Air connectivity has been a bottleneck between Indian cities and African nations.

    This has not helped in increasing peopleto- people contacts. Acknowledging this, PM said, "One of the biggest gaps in our interaction is that of insufficient air connectivityâ€Â¦ To begin with, India would be happy to increase the access of African airlines to Indian cities in a significant manner over the next three years."

    India on its part sought Africa's support for its bid for a permanent seat in the UN Security Council.

    "The current international economic and political situation is far from favourable, particularly for developing countries... The world faces new challenges in assuring food and energy security. Global institutions of governance are outmoded and under stress," Singh said.

    African nations had overwhelmingly voted for India in the election for non permanent seat at the UN. The continent also hopes to get two slots in the expanded Security Council.

    India gives $5-billion aid to Africa : Rest of the World, News - India Today
     
    AVERAGE INDIAN and Srinivas_K like this.
  8. santosh10

    santosh10 Senior Member Senior Member

    Joined:
    Oct 5, 2014
    Messages:
    1,666
    Likes Received:
    174
    Location:
    Lucknow
    Poor Little Rich Country
    BY PATRICK FRENCH | JUNE 24, 2011

    How do you categorize India, a nation that is at once fantastically wealthy and desperately poor?

    [​IMG]

    In May, the Indian government announced that it was giving $5 billion in aid to African countries in the interest of helping them meet their development goals. "We do not have all the answers," Prime Minister Manmohan Singh said, "but we have some experience in nation-building, which we are happy to share."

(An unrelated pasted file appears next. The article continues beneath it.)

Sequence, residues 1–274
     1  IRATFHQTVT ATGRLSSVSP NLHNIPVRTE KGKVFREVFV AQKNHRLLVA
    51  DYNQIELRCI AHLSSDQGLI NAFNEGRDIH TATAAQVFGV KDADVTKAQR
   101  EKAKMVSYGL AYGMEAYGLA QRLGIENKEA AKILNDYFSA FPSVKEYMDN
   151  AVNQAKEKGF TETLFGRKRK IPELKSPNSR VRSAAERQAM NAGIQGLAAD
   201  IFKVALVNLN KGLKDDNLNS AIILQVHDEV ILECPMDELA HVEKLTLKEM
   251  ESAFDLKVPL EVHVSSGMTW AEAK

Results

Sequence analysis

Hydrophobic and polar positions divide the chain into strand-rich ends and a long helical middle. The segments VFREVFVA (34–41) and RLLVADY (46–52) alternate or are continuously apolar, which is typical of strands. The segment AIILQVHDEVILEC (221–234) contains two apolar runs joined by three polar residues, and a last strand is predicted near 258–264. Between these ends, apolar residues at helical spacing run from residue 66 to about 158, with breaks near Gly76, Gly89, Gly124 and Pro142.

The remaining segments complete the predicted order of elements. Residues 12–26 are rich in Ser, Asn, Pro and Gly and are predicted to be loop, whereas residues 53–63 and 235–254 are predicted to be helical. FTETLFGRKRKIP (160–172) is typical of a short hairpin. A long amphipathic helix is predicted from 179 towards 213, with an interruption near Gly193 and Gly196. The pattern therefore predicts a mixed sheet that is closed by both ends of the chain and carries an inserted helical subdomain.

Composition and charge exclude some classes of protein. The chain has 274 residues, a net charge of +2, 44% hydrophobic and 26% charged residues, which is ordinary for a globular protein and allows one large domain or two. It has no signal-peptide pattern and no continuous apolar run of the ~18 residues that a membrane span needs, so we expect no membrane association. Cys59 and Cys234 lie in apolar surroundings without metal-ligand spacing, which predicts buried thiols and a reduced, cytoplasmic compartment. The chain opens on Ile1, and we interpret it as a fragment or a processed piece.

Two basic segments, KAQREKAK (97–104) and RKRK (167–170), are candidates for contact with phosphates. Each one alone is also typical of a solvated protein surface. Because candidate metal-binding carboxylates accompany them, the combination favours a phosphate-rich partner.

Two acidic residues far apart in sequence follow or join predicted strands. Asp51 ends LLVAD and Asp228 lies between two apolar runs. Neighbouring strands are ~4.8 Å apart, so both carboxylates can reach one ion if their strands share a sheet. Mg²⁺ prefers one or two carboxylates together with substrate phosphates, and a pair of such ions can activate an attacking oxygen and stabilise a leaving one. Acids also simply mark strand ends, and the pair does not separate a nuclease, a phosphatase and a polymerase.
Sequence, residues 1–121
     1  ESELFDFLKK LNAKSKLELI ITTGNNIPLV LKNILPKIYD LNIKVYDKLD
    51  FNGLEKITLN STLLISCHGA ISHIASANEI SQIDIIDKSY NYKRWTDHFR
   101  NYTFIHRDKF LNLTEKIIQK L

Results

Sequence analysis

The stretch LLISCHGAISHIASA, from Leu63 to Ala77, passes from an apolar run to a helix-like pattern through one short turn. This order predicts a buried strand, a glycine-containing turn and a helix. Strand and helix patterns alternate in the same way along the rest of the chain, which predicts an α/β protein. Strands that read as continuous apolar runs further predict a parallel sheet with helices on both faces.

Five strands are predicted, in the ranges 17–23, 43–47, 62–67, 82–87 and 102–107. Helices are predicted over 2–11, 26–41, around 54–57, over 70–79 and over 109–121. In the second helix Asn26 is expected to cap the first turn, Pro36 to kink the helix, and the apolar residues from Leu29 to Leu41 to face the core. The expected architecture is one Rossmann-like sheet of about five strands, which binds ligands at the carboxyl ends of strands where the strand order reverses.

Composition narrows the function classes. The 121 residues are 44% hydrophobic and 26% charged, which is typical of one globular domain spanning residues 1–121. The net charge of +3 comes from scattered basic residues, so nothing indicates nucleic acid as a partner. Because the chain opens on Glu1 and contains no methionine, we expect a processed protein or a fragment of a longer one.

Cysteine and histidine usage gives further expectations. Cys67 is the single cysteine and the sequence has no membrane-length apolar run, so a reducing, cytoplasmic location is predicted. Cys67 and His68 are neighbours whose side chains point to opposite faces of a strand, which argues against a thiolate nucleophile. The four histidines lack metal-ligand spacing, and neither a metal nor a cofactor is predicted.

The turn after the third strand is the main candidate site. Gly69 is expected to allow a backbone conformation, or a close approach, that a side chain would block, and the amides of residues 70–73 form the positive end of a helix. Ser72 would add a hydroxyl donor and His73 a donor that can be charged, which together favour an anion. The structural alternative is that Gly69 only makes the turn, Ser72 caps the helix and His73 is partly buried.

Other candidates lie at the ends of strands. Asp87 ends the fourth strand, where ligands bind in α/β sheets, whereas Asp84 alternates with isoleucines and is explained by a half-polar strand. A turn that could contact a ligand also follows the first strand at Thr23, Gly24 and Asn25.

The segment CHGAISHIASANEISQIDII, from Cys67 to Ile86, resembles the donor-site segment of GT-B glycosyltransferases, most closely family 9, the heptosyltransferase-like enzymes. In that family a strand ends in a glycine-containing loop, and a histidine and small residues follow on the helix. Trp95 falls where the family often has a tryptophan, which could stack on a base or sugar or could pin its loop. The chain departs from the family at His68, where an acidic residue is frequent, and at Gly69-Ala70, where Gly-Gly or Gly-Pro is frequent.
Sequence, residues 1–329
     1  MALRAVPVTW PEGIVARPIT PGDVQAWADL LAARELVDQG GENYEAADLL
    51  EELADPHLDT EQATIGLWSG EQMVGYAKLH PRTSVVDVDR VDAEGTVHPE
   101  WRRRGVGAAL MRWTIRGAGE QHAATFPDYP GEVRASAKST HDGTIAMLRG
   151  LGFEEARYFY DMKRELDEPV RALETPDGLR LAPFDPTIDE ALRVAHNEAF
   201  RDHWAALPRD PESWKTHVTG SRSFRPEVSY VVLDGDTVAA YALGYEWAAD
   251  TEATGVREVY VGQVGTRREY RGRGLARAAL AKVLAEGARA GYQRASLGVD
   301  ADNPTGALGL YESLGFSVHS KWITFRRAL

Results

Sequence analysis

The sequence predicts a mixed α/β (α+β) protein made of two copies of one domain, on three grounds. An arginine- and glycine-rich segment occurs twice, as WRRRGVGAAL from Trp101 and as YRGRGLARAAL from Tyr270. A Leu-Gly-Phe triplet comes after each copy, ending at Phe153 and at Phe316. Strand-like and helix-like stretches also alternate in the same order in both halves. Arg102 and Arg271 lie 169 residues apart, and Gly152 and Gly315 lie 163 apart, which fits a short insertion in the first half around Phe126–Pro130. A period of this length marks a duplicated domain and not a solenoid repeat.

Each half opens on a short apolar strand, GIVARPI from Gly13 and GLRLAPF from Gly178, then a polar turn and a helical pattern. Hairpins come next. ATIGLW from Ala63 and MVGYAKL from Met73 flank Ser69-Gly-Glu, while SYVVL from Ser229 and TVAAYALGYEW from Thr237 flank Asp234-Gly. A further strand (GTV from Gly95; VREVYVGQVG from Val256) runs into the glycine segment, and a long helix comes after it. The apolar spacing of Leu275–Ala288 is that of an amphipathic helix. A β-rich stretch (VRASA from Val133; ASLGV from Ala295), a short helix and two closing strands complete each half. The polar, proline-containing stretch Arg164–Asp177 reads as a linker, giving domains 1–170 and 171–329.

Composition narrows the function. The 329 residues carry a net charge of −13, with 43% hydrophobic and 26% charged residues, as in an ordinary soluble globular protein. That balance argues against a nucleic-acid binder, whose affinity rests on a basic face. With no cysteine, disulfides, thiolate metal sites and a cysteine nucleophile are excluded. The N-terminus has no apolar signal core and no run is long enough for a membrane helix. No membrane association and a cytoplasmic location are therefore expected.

The British could be forgiven for being annoyed with Singh's largesse. Britain, after all, currently gives more than $450 million a year in aid to India, and has plans to continue doing so for at least the next few years. The British economy is bumping in and out of a recession, while India's gross domestic product is growing at more than 8 percent a year. This has put the British government in the rather bizarre position of having to sell bonds in order to donate money to Asia's second-fastest-growing economy, even as the latter is itself getting into the philanthropy business.

    The policy is unpopular with most of the British press, which argues that because India has a space program and some flamboyant billionaires, it does not need aid -- especially when Britain cannot really afford it. (When the Labour government was voted out at last year's general election, the departing Finance Minister Liam Byrne left a one-line note on his desk for his successor: "I'm afraid there is no money." It was a joke -- but it was also true.) Nevertheless, Britain still sees itself as a donor nation, with all the obligations and international prestige that entails. This comes in part from a sense of postcolonial guilt: Prime Minister David Cameron spoke recently of a "sense of duty to help others" and the "strong moral case" for giving aid.

    The situation suggests just how dramatically the economic rise of Asia has undone centuries of experience, and the expectation that the West will retain the hegemony it has had for the past 400 years. It is increasingly difficult to classify whether a nation is rich or poor, and terms such as "the Global South" and "the Third World" have to be heavily qualified to take into account the fact that large sections of the population in countries like China, Brazil, and India now have a purchasing power matching that of people in "the West."